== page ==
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Partisan rift stalls judicial elections
Two ex-delegates caught in crossfire
Question of the Day
RICHMOND — The Virginia General Assembly postponed a squabble over judicial appointments after a partisan standoff Tuesday in the state Senate threatened to shut down the upper chamber for up to three days.
The politically thorny issue brought the Senate's 20-20 split between Republicans and Democrats to an uncomfortable head, with neither side willing to back down over the election of two judges, both former delegates.
Senate Democrats said they were blindsided by Republicans' desire to elect the two "non-incumbents." While they had nothing against the two candidates, they had the understanding that the Tuesday vote would only be to reappoint judges, Democrats said.
"Just for two names, they're willing to shut the entire General Assembly down and the careers of a lot of judges just to keep those two names in there," Senate Democratic leader Richard L. Saslaw of Fairfax said of Tuesday's impasse.
Senate Majority Leader Thomas K. Norment Jr., James City County Republican, derided the Democrats' position as "obstructionist behavior" and "partisan political extortion."
The 20-20 split could not be broken by Republican Lt. Gov. Bill Bolling, as his tiebreaking authority does not extend to electing judges. And because the Senate was operating under a special order used to elect judges, no other business, including committee meetings, could be conducted until the impasse was resolved. The body can recess for up to three days, but senators eventually voted to postpone the vote and take it up on Thursday.
The squabble arose from the proposed elections of two former state delegates, Clifford L. "Clay" Athey Jr., Fauquier Republican, and Clarence E. "Bud" Phillips, Russell County Democrat.
Mr. Norment asked Mr. Saslaw whether the Senate Courts of Justice Committee voted on Monday to certify Mr. Athey and Mr. Phillips, along with the 47 incumbent judges, to which Mr. Saslaw gave a qualified yes.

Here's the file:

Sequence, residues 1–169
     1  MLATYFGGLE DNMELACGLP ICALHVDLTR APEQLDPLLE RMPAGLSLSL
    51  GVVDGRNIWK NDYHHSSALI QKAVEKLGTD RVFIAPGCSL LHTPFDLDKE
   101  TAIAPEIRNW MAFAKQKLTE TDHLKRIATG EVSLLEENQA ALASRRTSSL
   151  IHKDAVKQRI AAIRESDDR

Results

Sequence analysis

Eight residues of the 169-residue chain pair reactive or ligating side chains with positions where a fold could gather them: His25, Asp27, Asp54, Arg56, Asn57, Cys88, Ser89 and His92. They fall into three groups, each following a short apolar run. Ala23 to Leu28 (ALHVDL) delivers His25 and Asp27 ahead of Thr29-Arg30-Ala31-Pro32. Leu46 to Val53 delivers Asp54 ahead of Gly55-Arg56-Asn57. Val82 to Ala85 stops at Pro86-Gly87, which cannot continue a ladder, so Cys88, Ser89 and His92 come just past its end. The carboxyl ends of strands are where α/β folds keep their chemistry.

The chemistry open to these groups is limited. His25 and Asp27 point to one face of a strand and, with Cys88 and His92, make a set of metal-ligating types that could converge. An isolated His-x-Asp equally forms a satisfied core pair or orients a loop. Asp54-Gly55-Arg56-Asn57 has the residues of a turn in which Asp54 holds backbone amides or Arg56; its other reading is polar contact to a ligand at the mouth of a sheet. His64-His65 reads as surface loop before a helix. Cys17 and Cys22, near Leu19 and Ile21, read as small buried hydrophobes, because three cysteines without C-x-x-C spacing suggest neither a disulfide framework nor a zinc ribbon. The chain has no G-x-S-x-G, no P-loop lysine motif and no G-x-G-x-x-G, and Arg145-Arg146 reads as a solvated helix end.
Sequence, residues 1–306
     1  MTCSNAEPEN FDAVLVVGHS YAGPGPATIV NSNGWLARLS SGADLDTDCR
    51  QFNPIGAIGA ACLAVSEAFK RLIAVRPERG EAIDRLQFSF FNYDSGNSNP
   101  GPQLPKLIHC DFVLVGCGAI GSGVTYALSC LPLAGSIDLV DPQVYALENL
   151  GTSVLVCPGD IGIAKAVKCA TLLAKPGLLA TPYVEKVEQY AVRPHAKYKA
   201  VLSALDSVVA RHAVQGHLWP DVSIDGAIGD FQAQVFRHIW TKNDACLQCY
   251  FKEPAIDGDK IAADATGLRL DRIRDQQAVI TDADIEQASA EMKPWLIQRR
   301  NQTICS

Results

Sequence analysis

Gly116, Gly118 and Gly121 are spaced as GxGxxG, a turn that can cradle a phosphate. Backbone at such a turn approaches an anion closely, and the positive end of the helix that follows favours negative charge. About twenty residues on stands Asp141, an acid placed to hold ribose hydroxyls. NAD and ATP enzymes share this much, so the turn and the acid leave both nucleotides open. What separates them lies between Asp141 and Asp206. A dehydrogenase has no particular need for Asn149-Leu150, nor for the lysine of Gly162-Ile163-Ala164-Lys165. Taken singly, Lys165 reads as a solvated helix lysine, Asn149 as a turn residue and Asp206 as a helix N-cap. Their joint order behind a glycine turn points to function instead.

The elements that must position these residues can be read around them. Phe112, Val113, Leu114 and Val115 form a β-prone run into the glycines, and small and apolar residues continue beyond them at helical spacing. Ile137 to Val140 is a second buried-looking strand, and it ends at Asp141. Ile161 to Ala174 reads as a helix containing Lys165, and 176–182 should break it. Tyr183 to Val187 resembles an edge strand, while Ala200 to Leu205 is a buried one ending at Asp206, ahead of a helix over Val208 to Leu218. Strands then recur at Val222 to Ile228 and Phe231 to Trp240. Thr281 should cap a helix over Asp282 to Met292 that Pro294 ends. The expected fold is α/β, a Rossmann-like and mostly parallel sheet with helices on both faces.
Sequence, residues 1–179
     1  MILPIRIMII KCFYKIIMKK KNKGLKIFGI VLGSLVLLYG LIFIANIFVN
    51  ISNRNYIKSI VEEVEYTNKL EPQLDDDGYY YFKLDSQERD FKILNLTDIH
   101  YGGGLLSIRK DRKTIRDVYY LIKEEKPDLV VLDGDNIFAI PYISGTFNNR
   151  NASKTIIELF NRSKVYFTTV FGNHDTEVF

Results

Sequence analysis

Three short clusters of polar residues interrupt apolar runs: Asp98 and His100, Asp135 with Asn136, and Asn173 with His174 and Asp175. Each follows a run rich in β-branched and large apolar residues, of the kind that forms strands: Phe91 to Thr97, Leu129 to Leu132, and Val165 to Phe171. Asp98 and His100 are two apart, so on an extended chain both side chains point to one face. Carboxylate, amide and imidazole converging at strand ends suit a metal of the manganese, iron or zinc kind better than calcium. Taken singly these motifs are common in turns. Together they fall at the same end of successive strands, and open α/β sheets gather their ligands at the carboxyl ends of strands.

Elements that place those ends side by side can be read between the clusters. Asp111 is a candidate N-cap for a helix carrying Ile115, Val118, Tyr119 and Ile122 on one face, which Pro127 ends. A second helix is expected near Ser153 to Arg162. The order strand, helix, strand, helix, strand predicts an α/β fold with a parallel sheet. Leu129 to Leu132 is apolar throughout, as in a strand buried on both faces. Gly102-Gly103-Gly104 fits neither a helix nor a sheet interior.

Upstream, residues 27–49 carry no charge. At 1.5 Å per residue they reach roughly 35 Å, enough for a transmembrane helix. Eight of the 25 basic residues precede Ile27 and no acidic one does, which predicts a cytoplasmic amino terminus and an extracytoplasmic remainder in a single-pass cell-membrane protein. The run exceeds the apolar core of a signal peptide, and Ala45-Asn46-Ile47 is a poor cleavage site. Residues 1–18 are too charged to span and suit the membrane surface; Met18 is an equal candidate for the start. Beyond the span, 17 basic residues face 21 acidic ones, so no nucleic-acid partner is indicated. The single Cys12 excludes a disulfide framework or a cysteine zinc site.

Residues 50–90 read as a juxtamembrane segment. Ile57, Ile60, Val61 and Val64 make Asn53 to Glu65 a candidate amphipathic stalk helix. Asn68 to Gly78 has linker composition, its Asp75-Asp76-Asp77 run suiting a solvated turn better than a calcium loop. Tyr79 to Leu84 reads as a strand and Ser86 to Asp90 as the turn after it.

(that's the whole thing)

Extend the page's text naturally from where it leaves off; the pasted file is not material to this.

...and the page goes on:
"I hate to disappoint my good friend from James City County, but finding them qualified doesn't mean I want to make them a judge 24 hours later," said Mr. Saslaw.
"I am not easily disappointed, although I have been today," Mr. Norment shot back.
Mr. Norment then asked if the Democratic position was really a question of selecting judges or one of "bruised egos" resulting from the GOP's organizing the Senate on the first day of the session and refusing to accede to requests to share power. A number of Democrats were bounced from committee posts, and the GOP has already used its newfound power to muscle through redrawn maps for the state's 11 congressional districts that will likely preserve Republicans' 8-3 majority in the U.S. House.
"Generally speaking, I don't get into the motives of what you all do, and you ought not get into the motives of what we do," Mr. Saslaw said.
Mr. Norment said he would take that as an indication that the move was, in fact, a result of "bruised political egos."
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About the Author
David Sherfinski covers politics for The Washington Times. He can be reached at firstname.lastname@example.org.
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